Leadville Fish Hatchery a window on Colorado’s past and future | TheFencePost.com

Leadville Fish Hatchery a window on Colorado’s past and future

Julie Sutor
Summit Daily News

Photo courtesy of Mark Fox/Summit DailyEight raceways each containing 12,000-15,000 cutthroat and rainbow trout are a popular attraction on the grounds of the Leadville National Fish Hatchery south of Leadville. The hatchery, which was established in 1889, sees nearly 50,000 visitors a year come through the historic site.

As Colorado’s state fish, the greenback cutthroat trout is a symbol of the Rocky Mountains’ natural splendor. The strikingly speckled, red-throated native fish calls to mind the sparkling high-alpine streams and lakes where the trout makes its home along the Continental Divide.

However, just a few decades ago, few would have guessed the greenback cutthroat (Oncorhynchus clarki somias) would come to represent Colorado’s wild landscapes. As recently as 1970, the fish was considered to have been extinct for almost half a century.

The greenback – a relatively small member of the trout, salmon and whitefish family – is the only trout endemic to Colorado’s South Platte and Arkansas River drainages. The fish favors the icy, clear waters and rocky bottoms of headwaters streams, where it finds its meals of crustaceans, insects and small fish. Greenback cutthroats once thrived in those waters, but by the late 1800s, white settlers had taken a serious toll in a variety of ways: overfishing; dams; pollution from mining and agriculture; logging; and introduction of competing species.

“The whole intermountain region was being depleted of resources, including fish resources,” said Ed Stege, project manager of the Leadville National Fish Hatchery, a facility of the U.S. Fish and Wildlife Service. “Leadville had 30,000 miners and supporting cast members. Back then, there weren’t a lot of regulations.”

As Colorado’s state fish, the greenback cutthroat trout is a symbol of the Rocky Mountains’ natural splendor. The strikingly speckled, red-throated native fish calls to mind the sparkling high-alpine streams and lakes where the trout makes its home along the Continental Divide.

However, just a few decades ago, few would have guessed the greenback cutthroat (Oncorhynchus clarki somias) would come to represent Colorado’s wild landscapes. As recently as 1970, the fish was considered to have been extinct for almost half a century.

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The greenback – a relatively small member of the trout, salmon and whitefish family – is the only trout endemic to Colorado’s South Platte and Arkansas River drainages. The fish favors the icy, clear waters and rocky bottoms of headwaters streams, where it finds its meals of crustaceans, insects and small fish. Greenback cutthroats once thrived in those waters, but by the late 1800s, white settlers had taken a serious toll in a variety of ways: overfishing; dams; pollution from mining and agriculture; logging; and introduction of competing species.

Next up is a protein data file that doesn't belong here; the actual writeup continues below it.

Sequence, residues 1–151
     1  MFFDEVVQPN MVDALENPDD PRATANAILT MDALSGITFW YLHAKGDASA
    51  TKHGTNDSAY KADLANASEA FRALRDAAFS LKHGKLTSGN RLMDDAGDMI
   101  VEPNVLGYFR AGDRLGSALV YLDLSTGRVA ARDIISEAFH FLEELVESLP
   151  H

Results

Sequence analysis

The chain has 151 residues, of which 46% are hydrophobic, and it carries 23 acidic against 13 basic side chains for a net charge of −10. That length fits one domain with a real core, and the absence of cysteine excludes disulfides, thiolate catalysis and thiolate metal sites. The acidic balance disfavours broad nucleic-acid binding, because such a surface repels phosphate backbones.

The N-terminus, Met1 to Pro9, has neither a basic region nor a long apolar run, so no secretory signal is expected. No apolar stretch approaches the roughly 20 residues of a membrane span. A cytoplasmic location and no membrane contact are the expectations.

“The whole intermountain region was being depleted of resources, including fish resources,” said Ed Stege, project manager of the Leadville National Fish Hatchery, a facility of the U.S. Fish and Wildlife Service. “Leadville had 30,000 miners and supporting cast members. Back then, there weren’t a lot of regulations.”

As Colorado’s state fish, the greenback cutthroat trout is a symbol of the Rocky Mountains’ natural splendor. The strikingly speckled, red-throated native fish calls to mind the sparkling high-alpine streams and lakes where the trout makes its home along the Continental Divide.

However, just a few decades ago, few would have guessed the greenback cutthroat (Oncorhynchus clarki somias) would come to represent Colorado’s wild landscapes. As recently as 1970, the fish was considered to have been extinct for almost half a century.

The greenback – a relatively small member of the trout, salmon and whitefish family – is the only trout endemic to Colorado’s South Platte and Arkansas River drainages. The fish favors the icy, clear waters and rocky bottoms of headwaters streams, where it finds its meals of crustaceans, insects and small fish. Greenback cutthroats once thrived in those waters, but by the late 1800s, white settlers had taken a serious toll in a variety of ways: overfishing; dams; pollution from mining and agriculture; logging; and introduction of competing species.

“The whole intermountain region was being depleted of resources, including fish resources,” said Ed Stege, project manager of the Leadville National Fish Hatchery, a facility of the U.S. Fish and Wildlife Service. “Leadville had 30,000 miners and supporting cast members. Back then, there weren’t a lot of regulations.”